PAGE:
Jason Franklin
One of philanthropy's most intriguing and impactful new leaders

Is Philanthropy Too Powerful?

January 15th, 2012

As originally posted on www.zocalopublicsquare.org

Philanthropy in and of itself is not powerful. It is simply a conduit through which individuals with financial resources (a key source of power in society, economics and politics) manifest their desires and goals through their giving. So while I share some of the concerns and hopes for philanthropy raised by Olivier Zunz in his new history of philanthropy and by National Center for Responsive Philanthropy in its “Philanthropy’s Promise” campaign, I think the question of power goes beyond philanthropy.

Foundations and individual major donors can influence the course of political, economic and social development in our country and around the world. But the individual donors and individuals who create foundations can exert their influence in many ways, and philanthropy is just one of them.

Philanthropy has had many positive effects on our society, bringing us developments like the 9-1-1 system, widespread public libraries, and early support for the Grameen Bank and the microfinance finance movement (among the many examples documented by Joel Flieshman in his book “The Foundation: A Great American Secret”). But are philanthropic entities serving the highest interest? And as an individual donor and foundation trustee, I ask others in similar roles to address and to consider this question. Are we using our power, the power that is made available to us through our philanthropy, for the best interest of all?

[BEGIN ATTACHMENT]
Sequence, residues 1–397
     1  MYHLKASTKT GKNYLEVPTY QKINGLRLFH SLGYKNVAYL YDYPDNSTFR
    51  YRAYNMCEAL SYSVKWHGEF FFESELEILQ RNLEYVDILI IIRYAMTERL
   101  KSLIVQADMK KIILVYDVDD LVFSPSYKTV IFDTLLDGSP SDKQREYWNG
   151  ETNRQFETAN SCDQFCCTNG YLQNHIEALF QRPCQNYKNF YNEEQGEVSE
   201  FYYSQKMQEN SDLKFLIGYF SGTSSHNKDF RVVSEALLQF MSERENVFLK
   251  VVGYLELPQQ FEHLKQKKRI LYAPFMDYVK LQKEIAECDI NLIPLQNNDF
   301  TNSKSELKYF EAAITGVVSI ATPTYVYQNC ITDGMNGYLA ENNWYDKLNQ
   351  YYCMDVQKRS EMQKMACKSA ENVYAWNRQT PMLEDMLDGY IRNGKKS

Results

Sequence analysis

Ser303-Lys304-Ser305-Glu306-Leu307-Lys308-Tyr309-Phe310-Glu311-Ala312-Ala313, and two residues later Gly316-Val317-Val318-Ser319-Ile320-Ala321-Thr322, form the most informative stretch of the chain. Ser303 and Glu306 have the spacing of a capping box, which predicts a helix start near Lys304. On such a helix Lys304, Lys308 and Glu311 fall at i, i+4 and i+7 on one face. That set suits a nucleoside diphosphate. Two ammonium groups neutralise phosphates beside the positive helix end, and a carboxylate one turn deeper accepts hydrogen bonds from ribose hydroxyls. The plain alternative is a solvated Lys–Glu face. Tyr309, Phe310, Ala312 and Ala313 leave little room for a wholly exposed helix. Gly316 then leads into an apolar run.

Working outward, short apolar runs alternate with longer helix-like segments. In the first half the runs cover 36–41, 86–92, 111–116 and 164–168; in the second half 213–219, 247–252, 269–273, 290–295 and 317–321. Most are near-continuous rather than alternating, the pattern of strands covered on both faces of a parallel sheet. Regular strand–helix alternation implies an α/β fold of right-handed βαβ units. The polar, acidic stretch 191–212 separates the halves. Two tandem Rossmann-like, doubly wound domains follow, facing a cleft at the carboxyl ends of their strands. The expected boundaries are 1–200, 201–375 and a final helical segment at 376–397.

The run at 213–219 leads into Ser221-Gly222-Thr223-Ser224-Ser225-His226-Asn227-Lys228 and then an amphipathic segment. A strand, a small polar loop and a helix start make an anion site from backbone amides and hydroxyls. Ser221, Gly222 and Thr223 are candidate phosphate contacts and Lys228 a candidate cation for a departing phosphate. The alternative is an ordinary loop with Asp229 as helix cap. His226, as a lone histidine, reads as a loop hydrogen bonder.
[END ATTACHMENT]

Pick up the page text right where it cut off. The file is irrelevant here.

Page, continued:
Jason Franklin grew up in Newport Beach, California and now lives in New York City where he serves as executive director of Bolder Giving, a nonprofit that works to inspire and support people from all backgrounds to “Give More. Risk More. Inspire More.”

Philanthropy has a good name, but it doesn’t always make friends. Every foundation has its own mission, and these missions can be in conflict with one another. They can also, in the opinions of critics, play too large a role in democracy, usurping the power of the state and the ordinary citizen. In advance of “Is Philanthropy Too Powerful?”, a Zócalo event, several close observers of philanthropy offer their views on the same question.

Related topics: philanthropy
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